Encyclopedia of Critical Psychology

2014 Edition
| Editors: Thomas Teo

Domestic Violence, Overview

  • Jamie Franco-Zamudio
  • Aislinn Shevlin
  • Nathan Tenhundfeld
  • Victoria Gonzalez
Reference work entry
DOI: https://doi.org/10.1007/978-1-4614-5583-7_374

Introduction

Domestic violence is an issue that affects men, women, and children from all backgrounds, with over one million reported cases each year in the United States alone (National Center for Injury Prevention and Control, 2003). While a majority of victims continue to primarily be heterosexual females, no person is immune to domestic violence. The prevailing cultural notion that domestic violence is a private or personal family matter rather than a justice issue, along with shame and fear often cited by victims, prevents many from coming forward to report these crimes. The lack of accurate statistics and the lack of awareness regarding the complexities surrounding domestic violence (in particular, the effects of the batterer’s attempts to exert power and control over their partners) have led to misconceptions about domestic violence. This can be detrimental, because societal perceptions of domestic violence can have an effect on the support for social policy and services...

This is a preview of subscription content, log in to check access

References

  1. Bornstein, R. F. (2006). The complex relationship between dependency and domestic violence: Converging psychological factors and social forces. American Psychologist, 61(6), 595–606.PubMedGoogle Scholar
  2. Brownridge, D. A. (2002). Cultural variation in male partner violence against women: A comparison of Québec with the rest of Canada. Violence Against Women, 8(1), 87–115.Google Scholar
  3. Domestic Abuse Interventions Programs. (n.d.). Stop violence in your community. Retrieved from http://www.theduluthmodel.org/stop-violence/index.html
  4. Dutton, D. G. (2007). The complexities of domestic violence. American Psychologist, 62(7), 708–709.PubMedGoogle Scholar
  5. Fine, M., & Weis, L. (1998). The unknown city: The lives of poor and working-class young adults. Boston: Beacon Press.Google Scholar
  6. Goodman, L. A., & Smyth, K. F. (2011). A call for a social network-oriented approach to services for survivors of intimate partner violence. Psychology of Violence, 1(2), 79–92.Google Scholar
  7. Grych, J. H., & Swan, S. C. (2012). Toward a more comprehensive understanding of interpersonal violence: Introduction to the special issue on interconnections among different types of violence. Psychology of Violence, 2, 105–110.Google Scholar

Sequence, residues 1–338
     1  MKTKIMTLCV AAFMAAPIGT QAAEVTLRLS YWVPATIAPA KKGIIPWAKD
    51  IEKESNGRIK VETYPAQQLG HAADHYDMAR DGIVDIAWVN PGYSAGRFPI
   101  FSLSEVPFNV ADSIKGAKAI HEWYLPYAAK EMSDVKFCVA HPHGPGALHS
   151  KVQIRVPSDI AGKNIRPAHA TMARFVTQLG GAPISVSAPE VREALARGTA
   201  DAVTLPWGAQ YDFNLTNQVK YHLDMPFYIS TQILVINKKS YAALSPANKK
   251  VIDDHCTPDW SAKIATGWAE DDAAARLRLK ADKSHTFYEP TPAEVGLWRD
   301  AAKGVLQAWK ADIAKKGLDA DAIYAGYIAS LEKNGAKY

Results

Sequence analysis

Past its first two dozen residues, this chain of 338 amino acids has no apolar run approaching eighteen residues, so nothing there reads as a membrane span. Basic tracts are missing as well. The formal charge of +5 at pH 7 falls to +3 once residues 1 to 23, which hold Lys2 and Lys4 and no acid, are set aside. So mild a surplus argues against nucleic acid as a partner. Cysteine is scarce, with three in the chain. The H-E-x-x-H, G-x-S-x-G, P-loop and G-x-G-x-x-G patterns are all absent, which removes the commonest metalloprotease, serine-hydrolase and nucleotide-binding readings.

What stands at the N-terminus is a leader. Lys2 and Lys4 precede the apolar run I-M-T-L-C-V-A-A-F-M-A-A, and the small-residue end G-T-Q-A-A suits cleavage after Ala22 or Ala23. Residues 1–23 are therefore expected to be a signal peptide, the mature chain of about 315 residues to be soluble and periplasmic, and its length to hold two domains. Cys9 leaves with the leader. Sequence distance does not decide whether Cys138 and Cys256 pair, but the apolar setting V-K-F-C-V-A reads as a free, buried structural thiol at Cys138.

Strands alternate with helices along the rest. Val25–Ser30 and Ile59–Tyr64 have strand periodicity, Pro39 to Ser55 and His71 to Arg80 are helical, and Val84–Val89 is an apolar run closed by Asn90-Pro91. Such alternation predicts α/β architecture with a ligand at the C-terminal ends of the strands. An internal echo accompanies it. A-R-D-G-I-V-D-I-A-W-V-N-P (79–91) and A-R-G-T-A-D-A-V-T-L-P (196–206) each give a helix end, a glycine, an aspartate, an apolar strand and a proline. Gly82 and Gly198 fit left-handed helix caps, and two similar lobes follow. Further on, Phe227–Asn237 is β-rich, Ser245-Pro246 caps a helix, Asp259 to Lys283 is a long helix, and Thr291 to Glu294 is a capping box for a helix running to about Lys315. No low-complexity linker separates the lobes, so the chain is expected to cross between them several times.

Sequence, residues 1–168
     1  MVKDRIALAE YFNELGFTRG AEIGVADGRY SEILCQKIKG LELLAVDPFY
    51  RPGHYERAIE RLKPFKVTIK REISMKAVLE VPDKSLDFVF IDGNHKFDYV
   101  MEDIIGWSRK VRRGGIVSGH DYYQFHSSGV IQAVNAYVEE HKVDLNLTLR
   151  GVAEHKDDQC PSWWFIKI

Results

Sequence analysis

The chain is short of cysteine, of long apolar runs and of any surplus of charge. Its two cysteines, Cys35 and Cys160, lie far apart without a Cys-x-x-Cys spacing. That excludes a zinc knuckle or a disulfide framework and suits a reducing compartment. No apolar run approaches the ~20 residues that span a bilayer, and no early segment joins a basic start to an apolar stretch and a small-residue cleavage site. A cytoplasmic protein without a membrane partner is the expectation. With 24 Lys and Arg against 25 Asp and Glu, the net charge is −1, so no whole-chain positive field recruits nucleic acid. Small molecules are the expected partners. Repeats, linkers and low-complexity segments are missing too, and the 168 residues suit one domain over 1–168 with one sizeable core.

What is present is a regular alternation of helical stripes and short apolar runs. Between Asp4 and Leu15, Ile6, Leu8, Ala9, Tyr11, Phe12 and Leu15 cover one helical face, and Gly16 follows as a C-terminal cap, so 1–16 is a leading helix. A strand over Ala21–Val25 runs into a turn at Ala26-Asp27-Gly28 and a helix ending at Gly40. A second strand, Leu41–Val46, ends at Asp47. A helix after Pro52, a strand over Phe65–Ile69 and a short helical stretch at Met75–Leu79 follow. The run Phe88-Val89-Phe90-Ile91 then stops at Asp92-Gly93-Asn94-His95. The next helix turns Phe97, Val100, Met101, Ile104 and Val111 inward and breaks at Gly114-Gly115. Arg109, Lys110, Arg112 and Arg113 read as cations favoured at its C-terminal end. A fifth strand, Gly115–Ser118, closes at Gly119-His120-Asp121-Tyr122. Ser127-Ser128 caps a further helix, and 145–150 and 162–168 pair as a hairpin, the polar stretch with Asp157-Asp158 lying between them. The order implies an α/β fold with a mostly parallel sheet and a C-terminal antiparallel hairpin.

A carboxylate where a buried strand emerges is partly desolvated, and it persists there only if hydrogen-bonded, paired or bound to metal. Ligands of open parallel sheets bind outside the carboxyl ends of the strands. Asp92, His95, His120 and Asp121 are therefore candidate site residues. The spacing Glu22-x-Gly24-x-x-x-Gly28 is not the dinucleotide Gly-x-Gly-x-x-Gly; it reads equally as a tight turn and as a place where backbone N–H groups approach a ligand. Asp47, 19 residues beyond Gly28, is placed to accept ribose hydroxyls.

8. Haaken, J. (2010). Hard knocks: Domestic violence and the psychology of storytelling. London: RoutledgeGoogle Scholar
  9. Hanna, C. (2002). Domestic violence. Encyclopedia of Crime and Justice. Retrieved from http://www.encyclopedia.com/topic/Domestic_violence.aspx
  10. Levendosky, A. A., Bogat, G., & Huth-Bocks, A. C. (2011). The influence of domestic violence on the development of the attachment relationship between mother and young child. Psychoanalytic Psychology, 28(4), 512–527.Google Scholar
  11. National Center for Injury Prevention and Control. (2003). Costs of intimate partner violence against women in the United States. Atlanta, GA: Centers for Disease Control and Prevention. Available from: http://www.cdc.gov/ncipc/pubres/ipv_cost/IPVBook-Final-Feb18.pdf.
  12. Oliver, W. (2003). The structural cultural perspective: A theory of Black male violence. In D. F. Hawkins (Ed.), Violent crime: Assessing race & ethnic differences (pp. 280–302). New York: Cambridge University Press.Google Scholar
  13. Praxis International. (2003). Safe havens: Supervised visitation and safe exchange grant program California site program manual. Property of the author. Report may be retrieved from http://praxisinternational.org/praxis_publications.aspx
  14. U.S. Department of Justice. (2011, May). Domestic violence. Retrieved from http://www.ovw.usdoj.gov/domviolence.htm
  15. Vine, M. M., Elliot, S. J., & Keller-Olaman, S. (2010). To disrupt and displace: Placing domestic violence on the public health agenda. Critical Public Health, 20(3), 339–355.Google Scholar
  16. Walker, L. E. (1979). The battered woman. New York: Harper & Row.Google Scholar

Online Resources

  1. Domestic violence around the world: http://www.someplacesafe.org/DV01.htm
  2. Domestic violence resource center: http://www.dvrc-or.org/domestic/violence/resources/C61/
  3. National online resource center on violence against women: http://www.vawnet.org/research/
  4. Healy, K., Smith, C., & O’Sullivan, C. (1998). Batterer intervention: Program approaches and criminal justice strategies. National Institute of Justice. Retrieved February 20, 2013, from https://www.ncjrs.gov/pdffiles/168638.pdf
  5. Klein, A. R. (2009). Practical implications of current domestic violence research: For law enforcement, prosecutors and judges. National Institute of Justice. Retrieved February 20, 2013, from http://www.nij.gov/topics/crime/intimate-partner-violence/practical-implications-research/welcome.htm

Copyright information

© Springer Science+Business Media New York 2014

Authors and Affiliations

  • Jamie Franco-Zamudio
    • 1
  • Aislinn Shevlin
    • 1
  • Nathan Tenhundfeld
    • 1
  • Victoria Gonzalez
    • 1
  1. 1.Social Science, Department of PsychologySpring Hill CollegeMobileUSA